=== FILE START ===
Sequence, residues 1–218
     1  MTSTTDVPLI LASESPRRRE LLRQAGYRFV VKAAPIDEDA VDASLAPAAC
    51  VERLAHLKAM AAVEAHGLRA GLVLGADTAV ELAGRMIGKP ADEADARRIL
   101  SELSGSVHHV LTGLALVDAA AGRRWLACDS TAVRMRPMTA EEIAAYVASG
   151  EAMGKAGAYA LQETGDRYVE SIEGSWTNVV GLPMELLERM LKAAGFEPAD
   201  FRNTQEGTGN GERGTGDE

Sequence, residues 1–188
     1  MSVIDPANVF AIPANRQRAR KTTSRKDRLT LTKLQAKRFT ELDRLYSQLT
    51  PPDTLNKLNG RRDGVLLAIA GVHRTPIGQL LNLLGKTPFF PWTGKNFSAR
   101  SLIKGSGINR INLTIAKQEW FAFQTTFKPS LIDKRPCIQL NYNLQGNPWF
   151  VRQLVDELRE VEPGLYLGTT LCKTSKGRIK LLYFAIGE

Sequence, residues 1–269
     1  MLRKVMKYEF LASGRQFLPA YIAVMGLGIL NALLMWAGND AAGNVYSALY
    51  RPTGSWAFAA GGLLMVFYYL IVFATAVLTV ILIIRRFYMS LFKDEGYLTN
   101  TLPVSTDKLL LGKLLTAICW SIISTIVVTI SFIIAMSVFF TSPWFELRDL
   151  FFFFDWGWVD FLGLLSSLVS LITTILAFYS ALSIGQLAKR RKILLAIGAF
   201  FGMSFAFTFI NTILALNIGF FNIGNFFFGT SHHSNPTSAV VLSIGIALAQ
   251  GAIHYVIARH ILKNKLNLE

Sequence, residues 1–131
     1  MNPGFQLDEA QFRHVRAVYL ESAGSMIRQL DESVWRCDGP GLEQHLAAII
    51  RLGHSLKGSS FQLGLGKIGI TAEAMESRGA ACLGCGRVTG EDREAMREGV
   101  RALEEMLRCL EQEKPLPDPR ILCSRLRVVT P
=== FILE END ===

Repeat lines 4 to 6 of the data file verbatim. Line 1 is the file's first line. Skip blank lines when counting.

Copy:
   101  SELSGSVHHV LTGLALVDAA AGRRWLACDS TAVRMRPMTA EEIAAYVASG
   151  EAMGKAGAYA LQETGDRYVE SIEGSWTNVV GLPMELLERM LKAAGFEPAD
   201  FRNTQEGTGN GERGTGDE